Day 4 of the Summer Institute

Today Claire provided us with a demo that had been inspired by her work with a writing group in her school.  She noted that she draws on Donald Graves work and his four essentials -  All Children Can Write.  She noted those essentials for us:

1. time 

2. child choice 

3. response to child meaning 

4. establishment of a community of learners.

Claire emphasised the importance of play and how at one point she had forgotten that play is important for all our students - for all of us.

She noted how much we need to remember that writers ask themselves questions about the world - not just about big global issues but also about the apparent trivia.  She talked about seeing the world afresh.  It triggered for me that line from Kavanagh which resurfaced now years after hearing it first but which has often echoed: 'And the newness that was in every stale thing.'  

As a group we played an A-Z story making game which led to a lot of laughter from the various contributions.  We followed this with choosing a picture from a newspaper, cutting it out, building a character and putting them in to a story.

Today we also had writing time with our groups in part preparation for the Author's Chair today.

The day finished with a contribution from Lawrence Cleary, from the Regional Writing Centre in University of Limerick who urged us to consider writing processes.  He used some of their wonderful 'How I write Ireland' footage to demonstrate the sort of questions we could ask of ourselves as writers and of our students.  He also provided practical advice about how to make similar videos to what UL has produced.
Tomorrow is our last day  ... 

Wednesday, 30 July 2014

Day Three of the Summer Institute

Day Three of the Summer Institute 

Today was a blend of poetry, description and play.

We began in the gorgeous NUI Maynooth Library where we spoke, listened, read and wrote.  Patricia worked with us on narrative, computer games, film and especially poetry.   Today we were all poets - a shift (and a chance to transfer) from being screenwriters yesterday.  We explored where teachers and learners meet and how imagination contributes to that encounter - echoing John Mac Kenna's emphasis on imagination on Day 1. Patricia spoke about text books as the 'hard shoulder' and how they can be both a help and a hinderance.  What kept re-emerging was the need for courage - the Irish word misneach lingered in my mind - and the need to be brave as educators (and for educators to be brave).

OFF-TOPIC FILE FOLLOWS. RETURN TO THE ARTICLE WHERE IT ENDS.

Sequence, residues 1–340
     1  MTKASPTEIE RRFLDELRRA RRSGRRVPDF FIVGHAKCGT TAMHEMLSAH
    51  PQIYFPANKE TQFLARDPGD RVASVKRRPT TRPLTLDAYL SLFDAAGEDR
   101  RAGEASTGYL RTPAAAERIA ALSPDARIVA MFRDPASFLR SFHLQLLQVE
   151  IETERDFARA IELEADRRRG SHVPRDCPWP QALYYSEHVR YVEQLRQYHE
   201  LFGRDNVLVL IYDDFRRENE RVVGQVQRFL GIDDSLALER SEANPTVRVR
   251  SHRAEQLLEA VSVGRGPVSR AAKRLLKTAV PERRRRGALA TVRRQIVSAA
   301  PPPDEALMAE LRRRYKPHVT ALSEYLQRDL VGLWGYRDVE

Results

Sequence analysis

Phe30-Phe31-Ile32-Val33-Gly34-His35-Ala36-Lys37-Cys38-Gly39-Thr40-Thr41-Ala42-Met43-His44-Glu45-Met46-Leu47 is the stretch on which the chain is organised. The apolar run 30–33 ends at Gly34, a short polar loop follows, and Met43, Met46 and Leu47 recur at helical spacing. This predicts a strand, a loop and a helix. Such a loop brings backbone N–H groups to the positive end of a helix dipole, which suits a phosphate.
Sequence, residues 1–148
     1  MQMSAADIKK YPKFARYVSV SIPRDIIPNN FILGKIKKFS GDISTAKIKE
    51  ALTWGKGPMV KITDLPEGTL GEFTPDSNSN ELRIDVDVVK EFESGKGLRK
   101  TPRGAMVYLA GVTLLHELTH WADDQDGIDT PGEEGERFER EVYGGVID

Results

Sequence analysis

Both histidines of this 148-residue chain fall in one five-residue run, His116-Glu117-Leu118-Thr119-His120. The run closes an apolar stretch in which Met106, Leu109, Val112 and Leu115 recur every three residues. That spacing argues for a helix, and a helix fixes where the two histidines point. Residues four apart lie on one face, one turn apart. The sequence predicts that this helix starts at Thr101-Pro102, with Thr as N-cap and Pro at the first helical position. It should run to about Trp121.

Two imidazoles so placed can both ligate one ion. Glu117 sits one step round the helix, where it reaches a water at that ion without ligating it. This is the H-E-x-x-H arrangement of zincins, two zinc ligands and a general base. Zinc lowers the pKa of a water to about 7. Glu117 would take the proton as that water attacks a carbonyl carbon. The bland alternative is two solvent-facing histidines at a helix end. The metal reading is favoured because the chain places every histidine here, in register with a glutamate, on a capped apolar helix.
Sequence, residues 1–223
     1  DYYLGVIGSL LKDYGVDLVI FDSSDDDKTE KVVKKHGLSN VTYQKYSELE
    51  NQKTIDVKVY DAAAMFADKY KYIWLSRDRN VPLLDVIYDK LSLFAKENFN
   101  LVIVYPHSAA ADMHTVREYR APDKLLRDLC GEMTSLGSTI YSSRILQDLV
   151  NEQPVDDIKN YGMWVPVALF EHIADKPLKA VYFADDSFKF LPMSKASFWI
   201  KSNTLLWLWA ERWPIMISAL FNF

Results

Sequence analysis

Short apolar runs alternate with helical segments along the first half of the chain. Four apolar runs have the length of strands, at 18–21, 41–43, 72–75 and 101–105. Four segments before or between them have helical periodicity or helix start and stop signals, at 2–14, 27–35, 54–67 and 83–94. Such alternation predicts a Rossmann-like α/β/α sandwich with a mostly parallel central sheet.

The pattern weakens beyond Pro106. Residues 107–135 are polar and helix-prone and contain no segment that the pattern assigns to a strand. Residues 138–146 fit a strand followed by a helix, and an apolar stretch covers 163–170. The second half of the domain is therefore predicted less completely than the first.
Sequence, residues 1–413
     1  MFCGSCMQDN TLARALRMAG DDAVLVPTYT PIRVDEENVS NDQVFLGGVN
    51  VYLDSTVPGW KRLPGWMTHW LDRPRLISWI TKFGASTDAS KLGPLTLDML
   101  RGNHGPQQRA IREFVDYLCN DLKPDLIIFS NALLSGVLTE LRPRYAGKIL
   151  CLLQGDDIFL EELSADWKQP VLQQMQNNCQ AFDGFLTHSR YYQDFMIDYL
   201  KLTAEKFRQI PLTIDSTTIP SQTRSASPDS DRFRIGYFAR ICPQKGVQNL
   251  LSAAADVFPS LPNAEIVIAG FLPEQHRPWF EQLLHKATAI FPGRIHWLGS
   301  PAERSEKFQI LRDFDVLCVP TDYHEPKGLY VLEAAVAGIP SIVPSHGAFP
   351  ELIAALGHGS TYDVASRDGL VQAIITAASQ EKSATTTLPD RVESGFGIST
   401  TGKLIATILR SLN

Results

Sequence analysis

After noon Josephine spoke about the empowering force that education can be.  Controversially (?) Josephine banned imagination!  We were shocked ... but we tried our best to be co-operative :-)  In this session we were looking at descriptive writing and trying to write what we saw - what we actually saw - rather than our story of what we saw: our interpretation of what we saw.  We realised how hard it is to watch carefully, to see details and to record those accurately - Deirdre noted the 'rising panic' she felt in completing the activity.  Mary remarked that even with very limited practice she could see that she was moving from interpretation to description.  Josephine reminded us that we should keep trialling observation - at home, at work, in cafes - where we try to see first without interpretation.  Linking with the literature, Greta urged that Donald Murray says 'Writing is seeing'.  

After lunch we returned to play where Niamh Fortune (and her onboard small fortune) evidenced the powerful link between play and writing - including impromptu writing.  Niamh, in an wonderfully enthusiastic presentation, drew out some key points about writing in primary school which we could see could have applicability across a range of education levels.  They included, the ideas of audience and purpose,  language development, the connections between speaking and writing, the usefulness of  scaffolding and modelling, how tools can inspire us to write, how we can move from images/picture to writing.  So much of what Niamh mentioned summarised the ideas that have been floating around the Institute since Monday.  As such, Niamh's contribution was a timely recap on where we have got to so far.